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ASN Wikibase Occurrence # 195397
Last updated: 21 April 2018
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Date:19-MAR-2017
Time:ca 11:42 LT
Type:Silhouette image of generic B763 model; specific model in this crash may look slightly different
Boeing 767-36NER
Owner/operator:Titan Airways
Registration: G-POWD
C/n / msn: 30847/902
Fatalities:Fatalities: 0 / Occupants: 271
Other fatalities:0
Airplane damage: None
Category:Serious incident
Location:35 NM SW of Amsterdam-Schiphol Airport -   Netherlands
Phase: En route
Nature:International Non Scheduled Passenger
Departure airport:London-Stansted Airport (STN)
Destination airport:Rzeszow Airport (RZE)
Investigating agency: AAIB
Narrative:
Titan Airways flight ZT941 diverted to Amsterdam-Schiphol Airport, Netherlands, following a 'cabin altitude' warning in the flight deck during cruise flight at FL370.
This was the aircraft's first revenue flight following heavy maintenance, during which both positive pressure relief valves(PPRVs) were replaced. A 1-hour post-maintenance check flight was completed the day before the incident, which included a climb to FL350. No pressurisation problems were reported on the check flight.
On the day of the incident, the aircraft was planned to conduct a charter flight to Jasionka Airport (EPRZ) in Poland, then return to London-Stansted. The crew included the two pilots and a maintenance engineer who had conducted the check flight the previous day; the engineer occupied the jump seat. As neither pilot had been to EPRZ before, the commander flew the outbound sector, with the co-pilot acting as pilot monitoring (PM). All the flight preparations were normal.
The aircraft departed London-Stansted Airport at 09:21 hrs UTC and was step climbed to its cruising level of FL370.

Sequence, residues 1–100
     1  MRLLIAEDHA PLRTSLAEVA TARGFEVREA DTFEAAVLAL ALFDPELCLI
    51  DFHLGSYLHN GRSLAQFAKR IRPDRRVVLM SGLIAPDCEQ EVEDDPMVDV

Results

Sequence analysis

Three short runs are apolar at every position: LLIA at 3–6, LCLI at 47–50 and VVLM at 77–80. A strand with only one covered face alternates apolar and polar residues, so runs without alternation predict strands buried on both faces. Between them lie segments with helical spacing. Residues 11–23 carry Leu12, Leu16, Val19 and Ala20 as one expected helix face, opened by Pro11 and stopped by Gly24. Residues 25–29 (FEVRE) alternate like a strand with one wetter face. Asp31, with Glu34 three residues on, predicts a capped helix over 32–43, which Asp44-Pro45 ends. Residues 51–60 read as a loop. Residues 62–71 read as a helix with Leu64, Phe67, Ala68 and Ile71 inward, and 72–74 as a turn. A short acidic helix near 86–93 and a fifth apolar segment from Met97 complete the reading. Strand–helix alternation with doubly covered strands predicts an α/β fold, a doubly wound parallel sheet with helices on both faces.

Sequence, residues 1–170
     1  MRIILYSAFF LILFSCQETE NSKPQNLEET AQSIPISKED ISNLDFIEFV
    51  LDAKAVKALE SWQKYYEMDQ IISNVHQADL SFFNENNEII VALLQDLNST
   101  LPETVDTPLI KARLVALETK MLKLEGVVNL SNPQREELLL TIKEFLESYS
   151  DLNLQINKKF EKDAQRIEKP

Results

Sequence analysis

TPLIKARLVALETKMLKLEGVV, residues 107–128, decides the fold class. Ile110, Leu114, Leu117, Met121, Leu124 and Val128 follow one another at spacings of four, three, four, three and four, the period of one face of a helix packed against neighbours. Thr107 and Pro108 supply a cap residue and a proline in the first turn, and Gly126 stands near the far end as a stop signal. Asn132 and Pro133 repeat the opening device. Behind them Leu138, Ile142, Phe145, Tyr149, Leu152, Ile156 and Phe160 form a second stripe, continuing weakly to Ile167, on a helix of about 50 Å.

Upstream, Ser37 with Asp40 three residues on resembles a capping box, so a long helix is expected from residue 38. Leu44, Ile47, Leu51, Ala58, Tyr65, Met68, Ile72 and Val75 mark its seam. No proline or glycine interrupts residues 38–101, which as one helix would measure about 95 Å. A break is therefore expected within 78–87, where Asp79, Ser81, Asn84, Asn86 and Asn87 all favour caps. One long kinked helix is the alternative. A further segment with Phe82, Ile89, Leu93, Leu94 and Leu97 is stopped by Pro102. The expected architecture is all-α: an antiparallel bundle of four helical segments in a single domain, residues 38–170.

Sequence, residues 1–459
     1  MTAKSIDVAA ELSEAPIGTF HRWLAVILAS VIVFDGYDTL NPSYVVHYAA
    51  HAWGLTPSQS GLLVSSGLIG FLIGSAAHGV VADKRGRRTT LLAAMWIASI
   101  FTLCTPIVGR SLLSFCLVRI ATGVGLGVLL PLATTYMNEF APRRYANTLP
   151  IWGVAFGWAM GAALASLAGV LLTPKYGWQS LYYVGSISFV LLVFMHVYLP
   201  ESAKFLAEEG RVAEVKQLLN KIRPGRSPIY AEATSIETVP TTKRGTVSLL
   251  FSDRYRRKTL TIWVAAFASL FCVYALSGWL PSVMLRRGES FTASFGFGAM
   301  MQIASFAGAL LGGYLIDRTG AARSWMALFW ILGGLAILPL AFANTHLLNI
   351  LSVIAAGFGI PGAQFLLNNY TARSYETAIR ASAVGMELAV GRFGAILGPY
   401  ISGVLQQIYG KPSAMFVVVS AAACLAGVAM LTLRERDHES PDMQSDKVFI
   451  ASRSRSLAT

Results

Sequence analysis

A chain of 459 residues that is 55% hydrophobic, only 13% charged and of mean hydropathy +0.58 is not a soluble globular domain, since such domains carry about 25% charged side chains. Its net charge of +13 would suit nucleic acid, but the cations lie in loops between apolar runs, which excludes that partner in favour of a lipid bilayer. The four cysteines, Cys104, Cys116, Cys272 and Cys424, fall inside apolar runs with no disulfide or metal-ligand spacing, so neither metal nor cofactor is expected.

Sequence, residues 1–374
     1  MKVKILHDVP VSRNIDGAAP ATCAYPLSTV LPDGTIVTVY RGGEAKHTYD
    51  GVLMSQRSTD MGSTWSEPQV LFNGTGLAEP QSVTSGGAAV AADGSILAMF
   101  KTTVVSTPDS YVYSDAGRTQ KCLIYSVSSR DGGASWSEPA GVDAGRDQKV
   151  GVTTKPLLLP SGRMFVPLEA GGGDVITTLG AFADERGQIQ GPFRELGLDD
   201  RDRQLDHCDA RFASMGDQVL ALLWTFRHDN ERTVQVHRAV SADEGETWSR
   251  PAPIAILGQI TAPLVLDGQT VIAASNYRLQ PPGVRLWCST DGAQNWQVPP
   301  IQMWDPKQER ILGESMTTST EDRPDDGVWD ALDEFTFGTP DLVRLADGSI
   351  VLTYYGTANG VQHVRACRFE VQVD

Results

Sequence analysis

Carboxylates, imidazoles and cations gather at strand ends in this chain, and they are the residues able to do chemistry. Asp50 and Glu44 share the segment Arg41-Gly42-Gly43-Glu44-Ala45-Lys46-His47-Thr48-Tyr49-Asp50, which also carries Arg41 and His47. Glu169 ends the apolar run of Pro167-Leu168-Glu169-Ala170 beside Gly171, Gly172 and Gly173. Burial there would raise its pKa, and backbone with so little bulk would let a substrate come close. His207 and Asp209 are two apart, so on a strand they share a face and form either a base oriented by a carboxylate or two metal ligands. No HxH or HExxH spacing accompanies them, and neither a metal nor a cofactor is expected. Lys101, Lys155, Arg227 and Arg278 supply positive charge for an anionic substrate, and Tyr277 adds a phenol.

As they approached abeam the 'TULIP' waypoint at FL370, the co-pilot answered an interphone call from the cabin service director (CSD) about the seat belt signs having illuminated. On checking the passenger sign switch, he noted that it was in the auto position. At that moment, the cabin altitude aural warning sounded and the cabin altitude red warning caption illuminated. In accordance with the operator's emergency procedure for 'Rapid depressurisation', the pilots and engineer donned their oxygen masks and established communication with each other. The co-pilot had to be assisted with his mask and he thought he may have been suffering some degree of hypoxia. They noted that the cabin altitude was about 10,000 ft and the cabin differential pressure indicator was at about the seven o'clock position, which equates to about 7 psi cabin differential pressure.
The co-pilot transmitted a MAYDAY call advising Maastricht ATC of the depressurisation and the crew's intention to carry out an emergency descent. This was acknowledged by ATC and the crew were given a radar heading to fly. As the aircraft had just passed Amsterdam, the crew elected to divert there.
The passenger oxygen system was deployed and an emergency descent was commenced, first to 20,000 ft, then 10,000 ft and finally levelling at 7,000 ft. The commander removed his oxygen mask at 10,000 ft, but the co-pilot remained on oxygen until level at 7,000 ft.
The crew programmed the FMS for an arrival for runway 27 at Schiphol Airport, where an uneventful landing was completed at 10:07 hrs.
External inspection of the aircraft revealed that the indicator flag on the upper PPRV upper door flap was visible, indicating that the valve had operated in flight, allowing cabin air to leak overboard.
Conclusion
The failure of the cabin to pressurise correctly resulted from a faulty PPRV which was installed during recent maintenance. The maintenance checks of the replacement valves did not identify the defect with the faulty PPRV. The event was a failure to pressurise correctly, rather than a sudden depressurisation and the crew’s timely actions in identifying the problem and carrying out the appropriate emergency procedure ensured a safe outcome.

Sources:

https://onderzoeksraad.nl/uploads/phase-docs/1572/1839a35e641eovv-kwartaalrapportage-luchtvaart-kw-i-2017-nl.pdf
https://www.flightradar24.com/data/aircraft/g-powd#cc8f663

Accident investigation:
cover
  
Investigating agency: AAIB
Status: Investigation completed
Duration: 10 months
Download report: Final report


Revision history:

Date/timeContributorUpdates
15-May-2017 17:49 harro Added
09-Feb-2018 18:21 harro Updated [Total fatalities, Damage, Narrative]

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